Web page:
How to Stretch Tight Hamstrings for Seniors

How to Stretch Tight Hamstrings for Seniors

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Athletes aren't the only ones who can benefit from flexible leg muscles. Seniors can, too! Seniors are particularly vulnerable to a lack of flexibility in the hamstrings -- the muscles in the back of your legs, above the knees. Hamstring tightness can affect everyday activities such as walking, standing and bending over. So if your hamstrings feel tight, read on to find out how to stretch them safely to improve your overall mobility.

Sitting Stretch

Step 1

Sit on the side of an exercise bench or similar surface (like a sturdy couch) with both feet on the floor.

Step 2

Turn to the left and raise your left leg onto the bench or couch. Extend it straight in front of you and sit straight so that your upper body and leg make an "L."

Step 3

Reach your arms toward your extended foot and lean forward slowly. Lean as far as you can comfortably. You should feel the stretch in the back of your raised leg.

Step 4

Hold the stretch for 20 to 30 seconds then put both feet back on the floor and repeat on your right side with your right leg. Stretch each leg three to five times each week. Notice how you can stretch farther forward as your flexibility increases.

Standing Stretch

Step 1

Stand tall with your feet shoulder-width apart.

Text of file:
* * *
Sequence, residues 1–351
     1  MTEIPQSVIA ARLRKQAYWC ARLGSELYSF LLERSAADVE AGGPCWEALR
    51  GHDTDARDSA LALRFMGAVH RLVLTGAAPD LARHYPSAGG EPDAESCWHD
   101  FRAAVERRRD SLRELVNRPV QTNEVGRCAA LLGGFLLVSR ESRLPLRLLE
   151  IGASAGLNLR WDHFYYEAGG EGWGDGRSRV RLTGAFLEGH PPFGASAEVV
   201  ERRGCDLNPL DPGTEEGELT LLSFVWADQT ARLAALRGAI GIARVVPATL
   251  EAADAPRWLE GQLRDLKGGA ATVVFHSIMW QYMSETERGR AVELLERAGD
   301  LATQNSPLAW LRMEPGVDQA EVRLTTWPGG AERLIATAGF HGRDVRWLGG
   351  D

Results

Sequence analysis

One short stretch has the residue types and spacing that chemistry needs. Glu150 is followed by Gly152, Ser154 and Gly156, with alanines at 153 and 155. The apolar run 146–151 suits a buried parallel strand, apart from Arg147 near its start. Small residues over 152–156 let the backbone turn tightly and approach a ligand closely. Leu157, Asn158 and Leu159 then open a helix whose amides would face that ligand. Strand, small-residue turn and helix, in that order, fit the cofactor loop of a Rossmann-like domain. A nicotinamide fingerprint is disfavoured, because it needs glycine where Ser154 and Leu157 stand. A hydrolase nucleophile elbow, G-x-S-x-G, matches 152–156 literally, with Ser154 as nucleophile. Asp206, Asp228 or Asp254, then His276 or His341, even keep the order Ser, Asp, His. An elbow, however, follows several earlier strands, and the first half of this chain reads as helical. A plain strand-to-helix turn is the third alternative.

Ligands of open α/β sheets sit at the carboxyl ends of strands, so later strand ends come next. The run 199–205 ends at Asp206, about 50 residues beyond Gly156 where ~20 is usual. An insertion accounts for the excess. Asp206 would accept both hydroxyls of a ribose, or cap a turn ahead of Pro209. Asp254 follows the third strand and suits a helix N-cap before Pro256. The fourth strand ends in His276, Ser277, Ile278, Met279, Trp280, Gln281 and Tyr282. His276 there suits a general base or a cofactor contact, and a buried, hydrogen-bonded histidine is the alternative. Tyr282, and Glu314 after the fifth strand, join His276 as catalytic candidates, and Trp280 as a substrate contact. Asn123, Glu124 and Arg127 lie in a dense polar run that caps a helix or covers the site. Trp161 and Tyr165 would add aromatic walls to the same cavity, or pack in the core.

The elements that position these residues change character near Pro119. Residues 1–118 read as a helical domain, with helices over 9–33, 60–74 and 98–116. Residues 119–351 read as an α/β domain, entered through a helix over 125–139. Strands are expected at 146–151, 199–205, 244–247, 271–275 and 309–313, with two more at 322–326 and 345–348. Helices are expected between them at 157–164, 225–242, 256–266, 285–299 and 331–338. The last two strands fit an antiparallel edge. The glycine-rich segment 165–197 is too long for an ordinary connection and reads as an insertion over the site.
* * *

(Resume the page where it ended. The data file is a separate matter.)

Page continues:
Step 2

Step forward with your left leg, keeping your knee straight, and lift your left toes upward so only your heel is touching the floor. Your right leg should be slightly bent at the knee.

Step 3

Lean forward with your body -- chest out -- and stop when you feel the stretch in your hamstrings and calf (the back leg muscle between your knee and ankle). You can place your hands on the top of your left thigh for support.

Step 4

Hold the stretch for 10 to 20 seconds, then repeat the exercise with your right leg forward. Perform the stretch three to five times per week.


  • Breathe normally while stretching. Don't hold your breath!
  • If the sitting stretch is too easy for you, try holding both ends of a towel, looping it under the arch of your raised foot and pulling your body forward.
  • When doing the standing stretch, you can hold onto a chair or other sturdy object for added balance if necessary.


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